Medieval Writing
Caroline Minuscule

Script Type : minuscule

Date : 8th to 12th centuries; this example from the 10th century

Location : France, Germany, England, Spain, northern Italy, Scandinavia; this example from England

Function : Book hand and basis for document hands

This sample of text comes from the Ramsay Psalter (British Library, Harley 2904, f.181), by permission of the British Library.
It dates from the late 10th century and is an example of an English Caroline minuscule of bold rounded form, characteristic of a liturgical text.
 
Pass cursor over letters to see enlarged examples taken from the page illustrated above.

Distinctive letters : This is a very easy script to read as the letter forms are mostly very familiar to us from modern typefaces, and it helps that this is a particularly bold, rounded example with letters well separated. The only slightly unfamiliar letter is s, which has a high form. The letter t is low, without a tall ascender and a wide cross at the top. There are two forms of r, the second a simplified form which sometimes appears after vowels, particularly o. A characteristically English feature is the slight wedge shape to the ascenders in letters such as l, d and b. This is a feature carried over from insular minuscule. As in usual in medieval scripts, i is not dotted, and u and v are identical. There are no examples in this sample of h, j, or x or the rare letters k, y or z.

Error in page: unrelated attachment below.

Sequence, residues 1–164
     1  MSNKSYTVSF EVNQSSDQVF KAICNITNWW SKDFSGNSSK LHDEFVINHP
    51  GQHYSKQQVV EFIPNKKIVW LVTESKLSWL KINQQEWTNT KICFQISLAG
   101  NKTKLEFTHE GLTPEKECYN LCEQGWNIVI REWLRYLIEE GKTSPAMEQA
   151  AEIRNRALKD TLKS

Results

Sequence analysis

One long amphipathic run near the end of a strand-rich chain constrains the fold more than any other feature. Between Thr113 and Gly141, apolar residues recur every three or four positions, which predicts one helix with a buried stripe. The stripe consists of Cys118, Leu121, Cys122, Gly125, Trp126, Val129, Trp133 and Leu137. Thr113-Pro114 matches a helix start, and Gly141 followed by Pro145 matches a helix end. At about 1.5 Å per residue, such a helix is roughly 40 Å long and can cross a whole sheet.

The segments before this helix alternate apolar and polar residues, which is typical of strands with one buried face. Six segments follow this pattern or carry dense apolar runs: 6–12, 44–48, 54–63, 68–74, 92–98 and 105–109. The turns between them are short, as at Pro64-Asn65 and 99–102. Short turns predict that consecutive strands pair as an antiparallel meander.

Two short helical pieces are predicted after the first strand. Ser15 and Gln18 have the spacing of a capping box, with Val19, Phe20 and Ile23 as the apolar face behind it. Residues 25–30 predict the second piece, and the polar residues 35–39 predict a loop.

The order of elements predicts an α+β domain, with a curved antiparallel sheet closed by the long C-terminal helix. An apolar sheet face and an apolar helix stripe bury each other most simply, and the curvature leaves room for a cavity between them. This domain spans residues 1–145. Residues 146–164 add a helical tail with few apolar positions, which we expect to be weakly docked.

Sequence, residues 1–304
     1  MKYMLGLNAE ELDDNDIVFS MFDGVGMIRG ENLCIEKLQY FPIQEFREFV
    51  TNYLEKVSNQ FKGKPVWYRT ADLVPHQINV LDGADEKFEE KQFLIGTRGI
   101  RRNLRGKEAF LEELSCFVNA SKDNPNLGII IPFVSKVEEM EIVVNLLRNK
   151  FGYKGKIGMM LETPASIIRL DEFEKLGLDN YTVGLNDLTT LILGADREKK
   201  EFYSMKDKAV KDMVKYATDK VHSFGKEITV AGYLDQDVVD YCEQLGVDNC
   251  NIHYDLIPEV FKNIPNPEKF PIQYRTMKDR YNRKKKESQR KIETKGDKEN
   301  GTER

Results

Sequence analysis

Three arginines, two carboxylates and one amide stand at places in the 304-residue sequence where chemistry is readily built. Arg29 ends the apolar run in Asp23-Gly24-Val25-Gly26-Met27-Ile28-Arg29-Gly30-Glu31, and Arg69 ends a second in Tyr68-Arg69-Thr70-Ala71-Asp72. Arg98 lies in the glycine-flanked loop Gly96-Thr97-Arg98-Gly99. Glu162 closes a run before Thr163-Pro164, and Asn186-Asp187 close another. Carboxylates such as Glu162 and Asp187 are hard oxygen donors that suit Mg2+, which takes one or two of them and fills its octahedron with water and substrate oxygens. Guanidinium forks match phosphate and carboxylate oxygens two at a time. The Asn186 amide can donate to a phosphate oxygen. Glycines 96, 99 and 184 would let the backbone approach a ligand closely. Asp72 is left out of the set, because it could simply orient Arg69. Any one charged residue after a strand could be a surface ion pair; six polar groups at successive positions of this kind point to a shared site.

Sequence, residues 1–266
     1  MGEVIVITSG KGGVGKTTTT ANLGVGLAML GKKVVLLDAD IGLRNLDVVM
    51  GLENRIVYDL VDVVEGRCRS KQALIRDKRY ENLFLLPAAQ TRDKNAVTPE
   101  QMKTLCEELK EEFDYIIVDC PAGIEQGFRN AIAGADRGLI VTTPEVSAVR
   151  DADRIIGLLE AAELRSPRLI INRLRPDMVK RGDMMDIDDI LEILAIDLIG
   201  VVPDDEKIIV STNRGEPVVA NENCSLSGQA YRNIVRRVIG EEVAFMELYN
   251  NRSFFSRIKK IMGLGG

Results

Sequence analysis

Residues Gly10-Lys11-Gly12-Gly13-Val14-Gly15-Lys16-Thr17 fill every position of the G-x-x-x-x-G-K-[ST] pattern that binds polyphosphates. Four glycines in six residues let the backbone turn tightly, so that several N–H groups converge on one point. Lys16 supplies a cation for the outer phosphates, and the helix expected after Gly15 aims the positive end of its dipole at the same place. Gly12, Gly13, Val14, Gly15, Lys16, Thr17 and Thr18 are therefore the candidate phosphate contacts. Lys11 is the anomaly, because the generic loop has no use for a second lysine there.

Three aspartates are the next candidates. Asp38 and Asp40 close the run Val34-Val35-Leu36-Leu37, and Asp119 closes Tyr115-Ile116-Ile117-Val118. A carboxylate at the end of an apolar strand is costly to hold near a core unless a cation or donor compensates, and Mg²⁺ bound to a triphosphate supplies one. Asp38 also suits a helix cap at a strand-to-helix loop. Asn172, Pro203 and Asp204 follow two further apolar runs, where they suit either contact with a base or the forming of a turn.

The first letters of the line are in uncial script, as shown by the diagnostic rounded M.

There are a number of abbreviations in the example.

Pass the cursor slowly along the lines of text and follow the words in the box below. For more detail proceed to the paleography exercises.

Script Index

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This site is created and maintained by Dr Dianne Tillotson, freelance researcher and compulsive multimedia and web author. Comments are welcome. Material on this web site is copyright, but some parts more so than others. Please check here for copyright status and usage before you start making free with it. This page last modified 3/10/2011.